Back in college, studying film analysis, I read an essay analyzing the differences between sci-fi and horror. The distinction that most stuck with me was this: In horror scientists are bad guys and military men are good guys, while in sci-fi scientists wear the white hats and military men the black. It’s a vast generalization, of course, but it’s true more often than you’d think. Consider horror’s reckless mad scientist creating a monster the military is then forced to battle, and contrast that with the familiar sci-fi tale of a peaceable alien confronted by a trigger-happy army with a scientist in the background pleading that they hold their fire. The monster and the alien might look exactly the same, but the genre dictates how they behave and how they will be treated.
Super 8 initially looks and feels like a horror movie, with funhouse shocks and wire-tense silences and a menacing creature snatching at extras from the edge of the frame, never clearly visible and all the more frightening for it. But the horror-esque aesthetic is misleading, as the morality of those telltale characters soon makes clear. Ultimately 8 is sci-fi, more interested in exploring and finding connections than in “othering” and obliterating the enemy. Marrying a horror-style aesthetic with a sci-fi sensibility leads to some awkwardness—and the blasé dismissal of a few inconvenient plot points—but both halves, however ill-matched, possess some strength, and the movie’s curious sci-fi heart is disarmingly sweet.
A throwback to the innocent-kids-on-a-dangerous-adventure movies of the 1980s, Super 8 centers around a gang of convincingly dorky middle-schoolers filming a zombie movie over their summer vacation. Joe (Joel Courtney), a sensitive boy grieving the death of his mother a few months earlier, is charged with applying the monster makeup—a job that becomes more thrilling when the director enlists his classmate Alice (Elle Fanning), on whom Joe has an obvious crush, to play a small role in the short. The night they film her big scene at an isolated old train station, the kids witness the violent crash of a train with Air Force insignia. Terrified—and warned not to speak of what they’ve seen—they resolve to finish their movie, maybe even using the train wreckage as scenery and the military personnel hanging around their small town as unwitting extras. But Joe’s dad (Kyle Chandler), a sheriff’s deputy, isn’t happy to see his son hanging around Alice, whose father (Ron Eldard) he blames for his wife’s death, and the fallout from the crash is far worse than Joe and his friends could have imagined: something very strange is preying on Lillian, Ohio.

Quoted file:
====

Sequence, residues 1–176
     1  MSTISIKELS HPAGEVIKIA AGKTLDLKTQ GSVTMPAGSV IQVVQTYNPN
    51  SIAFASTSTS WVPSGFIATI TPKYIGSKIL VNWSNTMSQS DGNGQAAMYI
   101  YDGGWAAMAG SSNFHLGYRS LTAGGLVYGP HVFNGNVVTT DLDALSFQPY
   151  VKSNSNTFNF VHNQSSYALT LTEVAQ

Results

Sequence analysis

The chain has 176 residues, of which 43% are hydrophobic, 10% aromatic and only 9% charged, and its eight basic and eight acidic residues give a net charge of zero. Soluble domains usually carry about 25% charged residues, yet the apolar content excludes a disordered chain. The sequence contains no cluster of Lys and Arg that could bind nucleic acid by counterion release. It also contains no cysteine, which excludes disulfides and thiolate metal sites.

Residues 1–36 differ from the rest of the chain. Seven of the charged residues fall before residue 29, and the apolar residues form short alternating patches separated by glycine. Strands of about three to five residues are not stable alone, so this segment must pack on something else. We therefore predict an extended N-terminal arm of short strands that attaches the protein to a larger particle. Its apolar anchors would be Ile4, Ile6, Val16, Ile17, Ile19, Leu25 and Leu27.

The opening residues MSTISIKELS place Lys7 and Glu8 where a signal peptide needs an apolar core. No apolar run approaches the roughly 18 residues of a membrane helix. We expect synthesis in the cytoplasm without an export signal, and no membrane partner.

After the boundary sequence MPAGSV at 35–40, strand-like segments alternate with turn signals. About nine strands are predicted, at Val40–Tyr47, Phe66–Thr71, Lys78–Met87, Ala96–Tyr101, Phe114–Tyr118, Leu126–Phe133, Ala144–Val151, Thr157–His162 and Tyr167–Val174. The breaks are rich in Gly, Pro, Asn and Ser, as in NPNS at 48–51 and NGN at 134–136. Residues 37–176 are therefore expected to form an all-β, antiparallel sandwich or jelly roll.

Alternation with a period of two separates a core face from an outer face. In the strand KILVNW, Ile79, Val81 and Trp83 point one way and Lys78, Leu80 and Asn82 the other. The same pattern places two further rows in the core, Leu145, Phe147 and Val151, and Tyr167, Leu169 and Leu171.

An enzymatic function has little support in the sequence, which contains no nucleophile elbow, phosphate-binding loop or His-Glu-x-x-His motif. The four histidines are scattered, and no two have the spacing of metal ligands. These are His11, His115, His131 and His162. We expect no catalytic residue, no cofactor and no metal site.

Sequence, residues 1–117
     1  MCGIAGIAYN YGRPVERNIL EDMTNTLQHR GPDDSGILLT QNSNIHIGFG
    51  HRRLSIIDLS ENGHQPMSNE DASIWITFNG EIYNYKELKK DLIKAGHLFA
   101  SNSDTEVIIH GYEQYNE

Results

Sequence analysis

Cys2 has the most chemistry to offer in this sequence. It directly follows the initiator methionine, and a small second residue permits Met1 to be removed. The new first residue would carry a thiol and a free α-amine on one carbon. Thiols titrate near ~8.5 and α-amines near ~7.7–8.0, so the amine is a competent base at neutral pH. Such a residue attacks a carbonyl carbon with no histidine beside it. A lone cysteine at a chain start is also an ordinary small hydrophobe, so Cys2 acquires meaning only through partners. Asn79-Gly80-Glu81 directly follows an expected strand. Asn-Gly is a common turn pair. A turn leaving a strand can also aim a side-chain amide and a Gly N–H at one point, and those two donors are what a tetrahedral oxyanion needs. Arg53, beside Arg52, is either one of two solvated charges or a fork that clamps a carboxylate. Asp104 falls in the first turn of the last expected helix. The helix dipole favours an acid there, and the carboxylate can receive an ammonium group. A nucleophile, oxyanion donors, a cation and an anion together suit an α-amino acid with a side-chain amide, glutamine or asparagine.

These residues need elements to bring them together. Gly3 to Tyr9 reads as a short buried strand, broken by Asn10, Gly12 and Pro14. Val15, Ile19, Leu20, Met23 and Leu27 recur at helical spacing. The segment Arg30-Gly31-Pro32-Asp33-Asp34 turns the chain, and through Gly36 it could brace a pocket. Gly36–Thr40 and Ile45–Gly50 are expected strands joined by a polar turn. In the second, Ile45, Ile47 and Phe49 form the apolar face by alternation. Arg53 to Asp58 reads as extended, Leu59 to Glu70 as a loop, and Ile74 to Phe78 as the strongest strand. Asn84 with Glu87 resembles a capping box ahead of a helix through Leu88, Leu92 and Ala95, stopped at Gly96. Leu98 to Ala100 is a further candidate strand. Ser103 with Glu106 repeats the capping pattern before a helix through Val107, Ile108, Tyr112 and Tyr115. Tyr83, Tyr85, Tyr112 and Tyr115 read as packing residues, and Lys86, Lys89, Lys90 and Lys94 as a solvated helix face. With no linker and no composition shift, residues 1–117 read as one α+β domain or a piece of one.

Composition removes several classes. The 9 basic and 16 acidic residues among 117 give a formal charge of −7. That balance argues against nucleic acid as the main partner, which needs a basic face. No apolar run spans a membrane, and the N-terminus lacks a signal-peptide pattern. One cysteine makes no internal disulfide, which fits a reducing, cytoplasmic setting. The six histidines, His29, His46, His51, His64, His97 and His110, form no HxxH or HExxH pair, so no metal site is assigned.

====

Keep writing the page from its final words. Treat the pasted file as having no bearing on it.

The monster plot doesn’t stand up to much scrutiny, but it has its moments. Writer-director J. J. Abrams’s obsession with lens flares might be annoying (no mights about that, actually), but he can still put together riveting action scenes, from the jaw-dropping train crash to the tantalizing near-glimpses of the rampaging creature to the final fiery war zone. After all, New York, Washington, Chicago, and Los Angeles all have been cinematically leveled for our summer-movie-going pleasure in recent years. It’s only fair that Small Town, USA, get the same treatment. (Joke! Joke!)
The best moments, though, are not the explosive set pieces but the scenes among the kids. The casting is great, pulling together half a dozen young actors who bicker and gawk and fidget and grin like real children rather than uncannily polished professional children. Abrams provides the ensemble with boisterous, well-observed overlapping dialogue, and they dig into it with relish. You get a real sense of how the boys relate to one another—and how the presence of a smart, pretty girl both disrupts and reinforces those relationships.
In one particularly strong scene between Joe and Alice, Abrams creates a quiet, adorably poetic visual metaphor for how frightening but irresistible a teenage crush can be. With that scene in mind after he saw the movie, my brother shot me a quick e-mail headed “The Real Alien Is The Teenage Girl”—a perfectly pithy summation for what Abrams is trying to do: In between screeching shocks and blinding lens flares (seriously, Abrams, enough already), 8 wants to tell a gentle little parable about how fraught yet rewarding new connections with the “other” can be.
That’s a lovely idea, but the movie can’t quite pull it off. The sticky, cheap residue of horror never totally dissipates, and Abrams hasn’t given nearly enough thought to his literal alien, which creates countless gaping holes in the plot. Those flaws keep Super 8 from the magical heights to which Abrams clearly aspires, but they can’t diminish the pleasure of its component parts: The retro, Jaws-like delay in showing the creature is both endearing and suspenseful. The child actors are terrifically persuasive—immature in the very best sense. And that one particular scene truly is one of the most enchanting depictions of tentative adolescent attraction I’ve ever seen on screen. The movie as a whole isn’t super, but for a few brief minutes, the film lives up to its name.